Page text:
How does ‘going green’ impact your bank balance?
Published Tue, Jun 12, 2012 Updated Tue, Feb 16, 2021
Green energy often scares off consumers because it requires an up-front investment. But with energy prices from the “big six” steadily on the rise, more and more homeowners are considering green energy as a viable alternative to fossil fuels. You already know that going green reduces your carbon footprint and helps to protect the environment, but is it really worth the investment? Here we take a closer look at the financial implications of going green.
Green energy tariffs vs standard tariffs
Let’s first examine green energy tariffs. Financially, one of the most promising aspects of signing up for one of these tariffs is that you aren’t likely to see a hike in your energy bills from month to month. Why? Traditionally, the UK has used electricity powered by gas, which is a fossil (non-renewable) fuel. Wholesale gas prices are affected by factors such as natural disasters, war, and market reforms. When the available supply of natural gas diminishes, demand rises, causing you to pay higher monthly costs. Green energy, on the other hand, is fuelled by renewable sources—water, wind, and sunlight—so it won’t be subject to the same price increases and fluctuations.
There is a word of caution about green energy tariffs. In some cases, suppliers that offer these tariffs do not supply you with energy generated from a renewable source. Instead, the supplier matches your demand for green energy by investing in the future of green energy— wind turbines, solar PV panels, etc. Make sure you sign up for a green energy tariff with a company that supplies its energy directly from renewable sources; otherwise, you may be paying for energy that’s not truly “green.”
Generating your own electricity
Making the decision to generate your own electricity from solar panels requires a greater up-front investment. There are a few alternatives to help you offset these costs. The first is to find an installer that will set up the panels for free; in exchange, you’ll enter into a lease agreement with the installer that entitles it to your Feed-In Tariff.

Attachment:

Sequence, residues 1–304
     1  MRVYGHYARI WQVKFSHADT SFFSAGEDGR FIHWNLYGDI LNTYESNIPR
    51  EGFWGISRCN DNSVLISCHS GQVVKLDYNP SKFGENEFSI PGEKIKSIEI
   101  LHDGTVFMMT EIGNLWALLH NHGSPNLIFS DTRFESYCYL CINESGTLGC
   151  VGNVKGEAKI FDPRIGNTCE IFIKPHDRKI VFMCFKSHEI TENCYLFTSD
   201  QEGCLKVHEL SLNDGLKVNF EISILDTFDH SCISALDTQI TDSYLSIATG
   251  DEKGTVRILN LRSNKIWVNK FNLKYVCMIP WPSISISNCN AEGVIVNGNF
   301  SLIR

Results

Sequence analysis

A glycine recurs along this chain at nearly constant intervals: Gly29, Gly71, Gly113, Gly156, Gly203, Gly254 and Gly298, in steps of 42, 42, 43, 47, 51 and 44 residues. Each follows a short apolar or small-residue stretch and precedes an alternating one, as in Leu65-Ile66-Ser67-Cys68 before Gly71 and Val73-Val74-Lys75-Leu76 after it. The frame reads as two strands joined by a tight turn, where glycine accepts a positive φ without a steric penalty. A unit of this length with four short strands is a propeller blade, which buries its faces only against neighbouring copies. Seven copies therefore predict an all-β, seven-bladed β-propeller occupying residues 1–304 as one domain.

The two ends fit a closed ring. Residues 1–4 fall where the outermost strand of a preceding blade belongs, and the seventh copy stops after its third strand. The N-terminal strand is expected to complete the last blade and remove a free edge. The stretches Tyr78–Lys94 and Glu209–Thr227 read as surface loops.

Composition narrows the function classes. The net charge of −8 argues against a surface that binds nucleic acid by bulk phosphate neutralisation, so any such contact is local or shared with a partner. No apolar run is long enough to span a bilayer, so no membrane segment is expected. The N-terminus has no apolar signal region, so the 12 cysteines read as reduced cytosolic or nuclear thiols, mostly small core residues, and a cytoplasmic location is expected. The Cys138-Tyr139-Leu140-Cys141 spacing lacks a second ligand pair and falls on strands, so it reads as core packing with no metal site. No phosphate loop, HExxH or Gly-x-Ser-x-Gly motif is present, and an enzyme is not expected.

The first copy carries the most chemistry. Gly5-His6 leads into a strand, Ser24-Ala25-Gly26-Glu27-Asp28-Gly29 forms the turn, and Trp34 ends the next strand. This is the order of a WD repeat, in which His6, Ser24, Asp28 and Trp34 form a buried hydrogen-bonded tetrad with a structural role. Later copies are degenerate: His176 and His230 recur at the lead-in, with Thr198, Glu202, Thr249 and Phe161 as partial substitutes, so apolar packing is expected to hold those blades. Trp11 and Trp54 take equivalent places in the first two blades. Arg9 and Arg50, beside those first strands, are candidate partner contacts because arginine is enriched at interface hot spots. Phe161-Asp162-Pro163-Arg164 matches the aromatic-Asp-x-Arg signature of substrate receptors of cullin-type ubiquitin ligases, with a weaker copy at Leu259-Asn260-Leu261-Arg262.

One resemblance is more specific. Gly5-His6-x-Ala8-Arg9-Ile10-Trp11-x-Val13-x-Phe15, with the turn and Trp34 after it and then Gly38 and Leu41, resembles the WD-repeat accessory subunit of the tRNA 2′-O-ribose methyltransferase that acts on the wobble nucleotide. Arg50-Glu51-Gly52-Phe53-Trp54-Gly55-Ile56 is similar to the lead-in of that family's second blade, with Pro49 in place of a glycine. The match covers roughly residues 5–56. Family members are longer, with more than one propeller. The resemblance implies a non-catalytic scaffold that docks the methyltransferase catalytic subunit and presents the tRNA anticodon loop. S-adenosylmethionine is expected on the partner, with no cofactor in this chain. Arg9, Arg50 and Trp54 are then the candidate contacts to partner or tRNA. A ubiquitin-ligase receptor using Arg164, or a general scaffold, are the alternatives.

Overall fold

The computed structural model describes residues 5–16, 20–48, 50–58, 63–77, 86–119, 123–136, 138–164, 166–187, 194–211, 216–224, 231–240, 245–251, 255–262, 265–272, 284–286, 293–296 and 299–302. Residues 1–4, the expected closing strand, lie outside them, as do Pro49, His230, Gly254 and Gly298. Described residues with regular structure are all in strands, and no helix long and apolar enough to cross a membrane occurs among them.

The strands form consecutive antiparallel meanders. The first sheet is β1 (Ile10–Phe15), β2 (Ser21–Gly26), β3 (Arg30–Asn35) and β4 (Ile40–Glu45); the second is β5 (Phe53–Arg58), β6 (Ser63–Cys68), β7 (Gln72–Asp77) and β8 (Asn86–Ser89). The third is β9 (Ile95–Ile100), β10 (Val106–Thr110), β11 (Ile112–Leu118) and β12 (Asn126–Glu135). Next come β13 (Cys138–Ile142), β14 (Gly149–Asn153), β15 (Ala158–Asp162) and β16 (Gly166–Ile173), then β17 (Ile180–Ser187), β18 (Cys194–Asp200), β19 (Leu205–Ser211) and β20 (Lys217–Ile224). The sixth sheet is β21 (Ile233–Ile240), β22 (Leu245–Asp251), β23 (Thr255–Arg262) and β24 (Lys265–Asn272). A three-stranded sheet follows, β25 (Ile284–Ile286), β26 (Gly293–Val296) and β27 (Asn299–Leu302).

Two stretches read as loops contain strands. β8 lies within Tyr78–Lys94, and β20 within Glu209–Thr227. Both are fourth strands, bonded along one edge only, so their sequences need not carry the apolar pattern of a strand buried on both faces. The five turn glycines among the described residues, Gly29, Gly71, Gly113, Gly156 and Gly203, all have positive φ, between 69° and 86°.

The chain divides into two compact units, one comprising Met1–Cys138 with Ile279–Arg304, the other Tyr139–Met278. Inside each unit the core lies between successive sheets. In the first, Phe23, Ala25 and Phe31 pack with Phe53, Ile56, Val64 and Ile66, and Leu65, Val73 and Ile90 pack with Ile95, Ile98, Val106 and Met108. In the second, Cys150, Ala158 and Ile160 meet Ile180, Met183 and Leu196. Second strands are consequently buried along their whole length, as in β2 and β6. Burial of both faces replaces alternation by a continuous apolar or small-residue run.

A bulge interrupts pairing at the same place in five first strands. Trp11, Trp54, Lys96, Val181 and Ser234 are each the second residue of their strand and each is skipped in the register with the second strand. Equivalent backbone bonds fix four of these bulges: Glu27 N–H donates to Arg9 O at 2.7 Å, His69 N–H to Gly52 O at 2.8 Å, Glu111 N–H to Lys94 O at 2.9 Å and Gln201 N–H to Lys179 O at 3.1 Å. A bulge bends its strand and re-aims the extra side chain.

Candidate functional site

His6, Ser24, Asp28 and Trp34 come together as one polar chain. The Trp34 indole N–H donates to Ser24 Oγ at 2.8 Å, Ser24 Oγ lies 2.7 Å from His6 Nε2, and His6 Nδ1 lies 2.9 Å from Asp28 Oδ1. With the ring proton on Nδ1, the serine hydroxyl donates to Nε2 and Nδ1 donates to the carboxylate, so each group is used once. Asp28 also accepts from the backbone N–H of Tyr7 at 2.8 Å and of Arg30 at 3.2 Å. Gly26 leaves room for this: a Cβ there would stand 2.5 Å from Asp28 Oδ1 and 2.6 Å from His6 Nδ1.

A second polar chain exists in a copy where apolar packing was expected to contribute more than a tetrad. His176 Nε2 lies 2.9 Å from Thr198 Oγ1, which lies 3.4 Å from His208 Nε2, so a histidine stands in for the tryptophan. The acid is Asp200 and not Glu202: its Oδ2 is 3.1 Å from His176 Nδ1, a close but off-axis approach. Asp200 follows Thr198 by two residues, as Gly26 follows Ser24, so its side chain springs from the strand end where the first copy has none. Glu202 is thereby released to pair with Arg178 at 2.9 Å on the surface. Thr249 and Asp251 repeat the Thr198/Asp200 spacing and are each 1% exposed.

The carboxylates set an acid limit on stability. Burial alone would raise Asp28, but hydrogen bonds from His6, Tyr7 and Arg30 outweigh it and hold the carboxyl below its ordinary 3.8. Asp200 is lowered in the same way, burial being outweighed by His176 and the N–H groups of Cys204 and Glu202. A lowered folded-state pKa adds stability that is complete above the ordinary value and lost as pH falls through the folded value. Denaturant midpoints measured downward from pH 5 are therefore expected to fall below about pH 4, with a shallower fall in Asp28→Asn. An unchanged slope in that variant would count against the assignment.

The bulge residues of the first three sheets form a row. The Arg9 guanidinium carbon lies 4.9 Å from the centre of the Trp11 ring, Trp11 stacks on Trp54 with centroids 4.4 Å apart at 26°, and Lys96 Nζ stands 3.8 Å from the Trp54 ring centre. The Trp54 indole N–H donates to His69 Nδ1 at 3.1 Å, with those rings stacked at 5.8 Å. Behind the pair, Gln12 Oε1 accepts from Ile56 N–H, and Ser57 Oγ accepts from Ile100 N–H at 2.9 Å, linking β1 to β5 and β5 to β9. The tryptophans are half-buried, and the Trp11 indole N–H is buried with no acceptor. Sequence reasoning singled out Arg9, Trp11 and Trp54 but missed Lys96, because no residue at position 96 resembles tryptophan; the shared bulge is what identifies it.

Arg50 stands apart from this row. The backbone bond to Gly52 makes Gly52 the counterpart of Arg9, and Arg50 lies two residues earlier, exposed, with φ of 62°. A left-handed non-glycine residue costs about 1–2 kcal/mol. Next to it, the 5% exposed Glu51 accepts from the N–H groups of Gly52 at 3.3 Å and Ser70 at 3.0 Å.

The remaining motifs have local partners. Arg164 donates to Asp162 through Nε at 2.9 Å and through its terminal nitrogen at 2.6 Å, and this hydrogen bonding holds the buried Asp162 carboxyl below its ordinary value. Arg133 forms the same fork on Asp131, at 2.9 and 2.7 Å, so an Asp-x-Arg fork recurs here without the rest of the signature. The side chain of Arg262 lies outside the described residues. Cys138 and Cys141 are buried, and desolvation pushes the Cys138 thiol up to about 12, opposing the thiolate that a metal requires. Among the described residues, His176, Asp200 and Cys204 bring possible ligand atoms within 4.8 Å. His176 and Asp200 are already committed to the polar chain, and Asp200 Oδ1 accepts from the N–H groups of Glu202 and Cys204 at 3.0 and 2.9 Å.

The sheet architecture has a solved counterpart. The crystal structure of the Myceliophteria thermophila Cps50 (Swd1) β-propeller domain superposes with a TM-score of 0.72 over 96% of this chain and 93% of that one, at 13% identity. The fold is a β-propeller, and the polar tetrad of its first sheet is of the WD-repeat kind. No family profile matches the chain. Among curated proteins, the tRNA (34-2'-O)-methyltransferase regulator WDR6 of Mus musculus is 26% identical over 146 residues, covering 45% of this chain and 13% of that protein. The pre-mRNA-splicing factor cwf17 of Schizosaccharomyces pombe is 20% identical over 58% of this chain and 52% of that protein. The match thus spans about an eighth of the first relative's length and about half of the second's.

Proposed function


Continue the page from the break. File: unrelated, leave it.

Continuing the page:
If you can finance the installation of the solar panels yourself via a loan or your personal income, you’ll be able to claim all funds from your Feed-In Tariff. This popular tariff is designed to encourage homeowners to generate their own electricity from solar panels by compensating them for each unit of electricity produced.
No matter which option you choose, you’ll be able to produce roughly 30 to 50% of your own energy with solar panels, thereby drastically cutting your energy bills each month. Over the 25 year lifespan of your panels, your monthly energy savings should be enough to make the investment worth it.
Whether or not you sign up for a green energy tariff or decide to install solar panels, you can cut your monthly energy bills and protect the environment by reducing your consumption. Conduct an energy audit of your home and make adjustments to your daily lifestyle to make sure you’re being responsible with your energy usage.